Related Rule
United Kingdom of Great Britain and Northern Ireland
Practice Relating to Rule 110. Treatment and Care of the Wounded, Sick and Shipwrecked
Section A. Medical care
The UK Military Manual (1958) states that in international armed conflicts, “the wounded and sick must be cared for by the belligerents in whose power they are”. 
United Kingdom, The Law of War on Land being Part III of the Manual of Military Law, The War Office, HMSO, 1958, § 339.
The UK LOAC Pamphlet (1981) states that “combatants are required to … ensure … adequate care” of the shipwrecked, wounded and sick. 
United Kingdom, The Law of Armed Conflict, D/DAT/13/35/66, Army Code 71130 (Revised 1981), Ministry of Defence, prepared under the Direction of The Chief of the General Staff, 1981, Section 7, p. 26, § 2.
The Pamphlet restates the provisions of common Article 3 of the 1949 Geneva Conventions and specifies that, in the case of non-international armed conflicts, the wounded and sick shall be cared for. 
United Kingdom, The Law of Armed Conflict, D/DAT/13/35/66, Army Code 71130 (Revised 1981), Ministry of Defence, prepared under the Direction of The Chief of the General Staff, 1981, Section 12, p. 42, § 2.
The UK LOAC Manual (2004) states:
7.3. The wounded and sick are to be protected and respected. They may not be attacked. They must be treated humanely. They must be provided with medical care. They may not wilfully be left without medical assistance nor exposed to contagious diseases or infection. …
7.3.1. … The duty of protection imposes positive duties to assist them. The Geneva Conventions and Additional Protocol I do not seek the unattainable by what would be a vain attempt at removing all hardships arising from armed conflict affecting the groups of persons defined above; they merely seek to ameliorate their conditions. …
7.3.2. Paragraph 7.3 applies to all wounded and sick, whether United Kingdom, allied or enemy, military or civilian. They are entitled to respect and protection, humane treatment and, to the fullest extent practicable and with the least possible delay, the medical care and attention required by their condition. It is forbidden, for example, to give the treatment of United Kingdom and allied wounded priority over the treatment of wounded enemy personnel. The only distinction which is permitted in dealing with the wounded or sick is that founded on real medical need. There is no absolute obligation on the part of the military medical services to accept civilian wounded and sick – that is to be done only so far as it is practicable to do so. For example, the commander of a field hospital placed to deal with casualties from an impending battle would be entitled to refer non-urgent cases elsewhere, even if the hospital had the capacity to treat them at the time. Once the treatment of a civilian patient has commenced, however, discrimination against him on other than medical grounds is not permissible.
7.7. A party to a conflict compelled to abandon wounded or sick to his adversary, must, so far as military considerations permit, leave with them a part of his medical personnel and equipment to help in caring for them. Their presence does not, however, exempt the detaining power from providing any additional assistance that may be necessary.
7.9. The wounded and sick, as well as medical personnel and chaplains, may in no circumstances renounce in whole or in part, the rights secured to them by the Convention or by Additional Protocol I.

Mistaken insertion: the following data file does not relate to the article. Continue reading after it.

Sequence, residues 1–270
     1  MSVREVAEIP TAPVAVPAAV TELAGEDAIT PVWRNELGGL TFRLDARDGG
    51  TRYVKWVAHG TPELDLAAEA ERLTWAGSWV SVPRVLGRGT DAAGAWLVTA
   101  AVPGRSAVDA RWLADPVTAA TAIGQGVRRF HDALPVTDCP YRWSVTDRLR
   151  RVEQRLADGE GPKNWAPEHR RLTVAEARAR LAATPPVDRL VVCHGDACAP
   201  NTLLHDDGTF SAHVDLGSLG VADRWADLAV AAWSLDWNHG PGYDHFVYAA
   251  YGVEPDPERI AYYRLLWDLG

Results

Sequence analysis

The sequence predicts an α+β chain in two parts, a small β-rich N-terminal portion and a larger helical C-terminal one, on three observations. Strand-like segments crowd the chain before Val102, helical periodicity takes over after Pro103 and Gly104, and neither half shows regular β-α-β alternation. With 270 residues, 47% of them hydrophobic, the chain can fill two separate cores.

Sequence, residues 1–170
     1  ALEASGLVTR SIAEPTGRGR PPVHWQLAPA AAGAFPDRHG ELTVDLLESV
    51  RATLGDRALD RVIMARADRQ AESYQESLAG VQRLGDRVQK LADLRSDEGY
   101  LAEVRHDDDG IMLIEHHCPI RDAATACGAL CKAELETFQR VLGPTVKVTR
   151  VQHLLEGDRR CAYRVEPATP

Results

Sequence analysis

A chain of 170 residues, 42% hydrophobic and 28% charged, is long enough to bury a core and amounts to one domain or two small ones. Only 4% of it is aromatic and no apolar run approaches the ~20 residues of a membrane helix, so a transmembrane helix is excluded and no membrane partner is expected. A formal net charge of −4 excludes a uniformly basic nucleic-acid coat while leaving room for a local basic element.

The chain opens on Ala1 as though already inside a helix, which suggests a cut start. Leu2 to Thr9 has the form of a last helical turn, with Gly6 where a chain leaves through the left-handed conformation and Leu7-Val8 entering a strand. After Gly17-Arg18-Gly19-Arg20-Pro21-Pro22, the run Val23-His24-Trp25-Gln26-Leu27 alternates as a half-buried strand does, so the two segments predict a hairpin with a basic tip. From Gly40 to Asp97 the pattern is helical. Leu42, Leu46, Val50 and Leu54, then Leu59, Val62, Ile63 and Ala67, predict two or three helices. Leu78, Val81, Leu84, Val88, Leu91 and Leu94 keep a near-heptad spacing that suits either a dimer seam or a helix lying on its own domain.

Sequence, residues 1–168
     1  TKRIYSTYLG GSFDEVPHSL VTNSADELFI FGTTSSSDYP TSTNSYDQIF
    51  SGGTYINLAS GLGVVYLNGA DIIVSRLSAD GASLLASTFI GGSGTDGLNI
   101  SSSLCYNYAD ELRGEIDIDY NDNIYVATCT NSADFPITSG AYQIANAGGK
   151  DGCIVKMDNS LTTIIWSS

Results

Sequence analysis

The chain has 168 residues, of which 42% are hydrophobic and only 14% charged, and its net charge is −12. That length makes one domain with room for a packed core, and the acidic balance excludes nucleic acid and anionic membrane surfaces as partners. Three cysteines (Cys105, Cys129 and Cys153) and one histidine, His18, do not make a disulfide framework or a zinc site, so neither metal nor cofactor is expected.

United Kingdom, The Manual of the Law of Armed Conflict, Ministry of Defence, 1 July 2004, §§ 7.3–7.3.2, 7.7 and 7.9.
In its chapter on internal armed conflict, the manual states: “The wounded, sick and shipwrecked must be … given the medical treatment they need without discrimination for non-medical reasons.” 
United Kingdom, The Manual of the Law of Armed Conflict, Ministry of Defence, 1 July 2004, § 15.29.1.
In 2003, in a reply to a written question in the House of Lords, the UK Parliamentary Under-Secretary of State, Ministry of Defence, wrote:
The Deployed Operating Instructions issued to all United Kingdom military units state that enemy dead are to be treated the same as UK military dead. This includes a direction that, where next of kin cannot be traced, the bodies are to be given the same funeral as would UK military personnel, subject to religious practices. Wounded enemy personnel are given care and medical attention that accord fully with our obligations under the Geneva Convention. 
United Kingdom, House of Lords, Written answer by the Parliamentary Under-Secretary of State for Defence, Hansard, 8 September 2003, Vol. 652, Written Answers, col. WA40.
The UK Government Strategy on the Protection of Civilians in Armed Conflict (2010) states: “During armed conflict, civilians and combatants ‘hors de combat’ are entitled to specific protection under international humanitarian law (IHL) providing that they are not, or are no longer, taking a direct part in hostilities. … [P]reventing the provision of medical care [is prohibited]”. 
United Kingdom, Foreign and Commonwealth Office, Government Strategy on the Protection of Civilians in Armed Conflict, March 2010, p. 4.
(emphasis in original)
In 2010, in its closing submissions to the public inquiry into the circumstances surrounding the death of Baha Mousa and the treatment of those detained with him by UK armed forces in Iraq in 2003, the UK Ministry of Defence stated regarding common Article 3 of the 1949 Geneva Conventions: “On its face this protection is restricted to armed conflicts not of an international character. However, it is understood to apply in all forms of armed conflict as part of customary international law to set out the irreducible minimum standard.” 
United Kingdom, Ministry of Defence, Closing Submissions to the Baha Mousa Public Inquiry on Modules 1–3, 25 June 2010, § 10.2, p. 10.